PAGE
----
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  • Writer's pictureJW

Finding my haven

I used to be a big music fan. I spent all my money on albums, later CDs, and on live shows. I used to love reading. I read two or three books a week, traveling to and from work and in the evenings. I had much fun playing computer games, could spend hours and hours online. Until I fell ill. I had severe depression and I could not enjoy anything anymore. Music was too distracting, I needed quiet. I could not focus on books or magazines. Computer games or TV offered distraction, but the minute I turned them off, I would feel even worse than before I had started. But, in the year before, I had discovered solo gaming. And it saved the day during these dark times.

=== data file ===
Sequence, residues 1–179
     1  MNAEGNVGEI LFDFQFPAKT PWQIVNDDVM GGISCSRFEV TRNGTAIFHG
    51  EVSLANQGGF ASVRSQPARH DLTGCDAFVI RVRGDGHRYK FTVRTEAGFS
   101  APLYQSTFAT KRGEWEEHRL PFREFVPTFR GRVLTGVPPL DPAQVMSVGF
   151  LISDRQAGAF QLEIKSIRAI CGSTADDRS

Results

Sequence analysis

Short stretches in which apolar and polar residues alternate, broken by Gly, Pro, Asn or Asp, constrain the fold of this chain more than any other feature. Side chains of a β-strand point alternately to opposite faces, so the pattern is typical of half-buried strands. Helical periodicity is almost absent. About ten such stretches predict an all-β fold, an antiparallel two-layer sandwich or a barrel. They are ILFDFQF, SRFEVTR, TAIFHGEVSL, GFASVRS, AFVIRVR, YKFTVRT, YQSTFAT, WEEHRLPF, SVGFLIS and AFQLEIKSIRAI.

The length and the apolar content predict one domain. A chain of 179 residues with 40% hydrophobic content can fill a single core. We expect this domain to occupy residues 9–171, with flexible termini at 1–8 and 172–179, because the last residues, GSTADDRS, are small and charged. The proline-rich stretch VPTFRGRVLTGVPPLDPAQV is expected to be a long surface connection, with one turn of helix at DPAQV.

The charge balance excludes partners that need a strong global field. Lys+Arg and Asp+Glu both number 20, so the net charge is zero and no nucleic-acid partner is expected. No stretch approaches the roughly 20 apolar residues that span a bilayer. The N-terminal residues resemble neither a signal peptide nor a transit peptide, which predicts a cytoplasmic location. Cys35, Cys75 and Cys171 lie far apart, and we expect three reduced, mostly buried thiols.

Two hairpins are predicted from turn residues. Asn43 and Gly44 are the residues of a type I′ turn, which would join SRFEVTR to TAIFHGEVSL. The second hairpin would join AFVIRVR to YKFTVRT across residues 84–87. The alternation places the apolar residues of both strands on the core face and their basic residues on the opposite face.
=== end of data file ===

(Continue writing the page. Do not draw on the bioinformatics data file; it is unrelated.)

I realised I did not need distraction, I needed some brain activity that I could handle. Fortunately, this was not my first depression. Fifteen years ago logic puzzles and sudokus had kept me occupied. So I tried, but no, I’d burned out on them. But solo board games were still new. And they were exactly what I needed. A way to keep my brain working.

Then something happened that got me hospitalised in isolation, “for my own protection” as they said. I spent a month there, 23 hours a day not leaving the room. My wife brought me two games every week. Some of these I will never get rid of, ever. And when I got out, starting rather intensive therapy, I included solo board games in my recovery plans. You need something to structure your days, for as long as you can’t go back to work. And it’s good to have a hobby, something to be interested in.